Friday, March 25, 2016
Thoughts On An Imminent Trip To Nebraska
Tomorrow I depart with my wife and kids for my rural Nebraska hometown. I am very happy to be seeing my parents and sisters, nephews, nieces, in-laws, aunts, uncles, cousins, and friends again.
At the same time, it is a bittersweet feeling. There are days when I feel like an internal exile. My hometown and the greater New York City area are such different places that they might as well be in different countries. My travels around the country, which have included residential stints in places as far-flung as Chicago and Texas, have taught me that this is a nation of regions. By that I do not mean the facile "red state versus blue state" cliche. Places where I have lived, like East Texas and West Michigan, have a unique culture that is all their own, even if both are "red" regions.
Like most of my grad school peers, I am living in a place that I never expected to live in, even though I left academia. I certainly enjoy teaching in New York City, and I have learned to love New Jersey. At the same time, it's still easy to feel out of place. This happens most often when I tell people where I'm from, and they treat me as some kind of oddity, or say disparaging things about "flyover country" in casual conversation. I don't think I've ever encountered a group of people more provincial than the residents of the Upper West Side of New York, and that is saying something, since folks in my hometown often treat the world beyond central Nebraska as if it has "here be dragons" written on the map.
I've at least grown a little used to these feelings ever since I moved to Chicago in 1998 and had someone call me "country" for saying the word "supper" and having a clerk stare at me in bewilderment when I asked for a "sack" with my order. What's been a little harder is the feeling that where I am from feels more and more alien to me. Some of this is the natural process of living apart from it for almost twenty years.
It also has to do, in large part, with the growing political and cultural divisions in the country. In my return visits to my homeland, I've noticed an increasing turn inward, party having to do, I suspect, with the aging of the population in that area. It was always a very conservative place, but it has become radically conservative, in the talk radio mode I normally associate with places like Texas. I still remember a couple of years ago being amused and horrified by a flyer posted in my parents' church about an even called "Guns for Life" featuring a minuteman and a fetus. Evidently it was some kind of gun range anti-abortion fundraising event. That kind of thing never would've happened in my childhood. Last year I had to hear a sermon, demanded of the parish priests by the local bishop, attacking the Supreme Court's recent decision on gay marriage. When Barack Obama spoke his infamous line about people in these areas being bitter and clinging to guns and religion, I just nodded in agreement. I have yet to witness anything in the ensuing eight years to get me to change my mind.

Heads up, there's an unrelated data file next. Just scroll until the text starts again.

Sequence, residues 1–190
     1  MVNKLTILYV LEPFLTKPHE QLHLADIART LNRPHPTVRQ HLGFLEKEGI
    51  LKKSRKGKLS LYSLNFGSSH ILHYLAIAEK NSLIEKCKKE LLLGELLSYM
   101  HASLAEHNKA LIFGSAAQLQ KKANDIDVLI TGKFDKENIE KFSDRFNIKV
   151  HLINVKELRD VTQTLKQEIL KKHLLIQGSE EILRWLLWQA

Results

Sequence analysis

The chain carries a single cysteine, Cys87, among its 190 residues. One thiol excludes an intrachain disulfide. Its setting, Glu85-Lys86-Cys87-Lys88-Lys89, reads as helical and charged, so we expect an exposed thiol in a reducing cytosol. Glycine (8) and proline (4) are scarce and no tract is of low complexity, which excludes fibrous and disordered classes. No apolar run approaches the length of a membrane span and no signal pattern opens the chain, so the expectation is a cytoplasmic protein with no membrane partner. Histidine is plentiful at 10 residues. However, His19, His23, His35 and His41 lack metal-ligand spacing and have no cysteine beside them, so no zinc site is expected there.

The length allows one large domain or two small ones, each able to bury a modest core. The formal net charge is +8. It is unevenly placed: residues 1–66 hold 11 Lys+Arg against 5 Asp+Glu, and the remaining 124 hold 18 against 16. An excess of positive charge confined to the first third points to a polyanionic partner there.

So I am left negotiating two worlds, one where a public attack on gay marriage is mandated, another where it would be thought of as hate speech. (And trust me, I am well aware that other people have much harsher negotiations due to race, sexuality, etc. I'm just thinking out loud here about regional differences.) I wish there was a way to bring the best of both of them together. Rural Nebraska has got to be one of the most culinarily benighted lands in the nation, a place where cheese is a spice and corn is a vegetable, as a friend back home likes to say. Here in New Jersey, on the other hand, there is amazing food from a variety of culinary traditions, so much that it never fails to amaze me. On the other hand, the people of my homeland have an admirable humility, and are much, much less obsessed with status and material possessions as folks are here in the Northeast. (This is perhaps one reason why Trump has not won any states as of yet in the Great Plains.) The way people in these parts view one's college alma mater as a reflection of their value as a human being never fails to disgust me. People back home are a lot more rooted. Unfortunately, that rootedness often expresses itself in an exasperating narrow-mindedness. People in both regions by and large don't understand the other. New Yorkers think of rural Nebraskans (if they ever think of them) as a bunch of dumb hicks, and Nebraskans think of New York as some wretched hellhole of immorality and degradation. Both are completely wrong, and both will never change their minds.
I know I will keep going on, enjoying the pizza and diversity in my new homeland, but silently shocked at the materialism. And I will go home tomorrow and enjoy the easy-going social interactions but be ready to be exasperated at the politics. Perhaps I'll just be satisfied that as an internal exile, I understand a lot of places a whole lot better than people who have lived there their entire lives.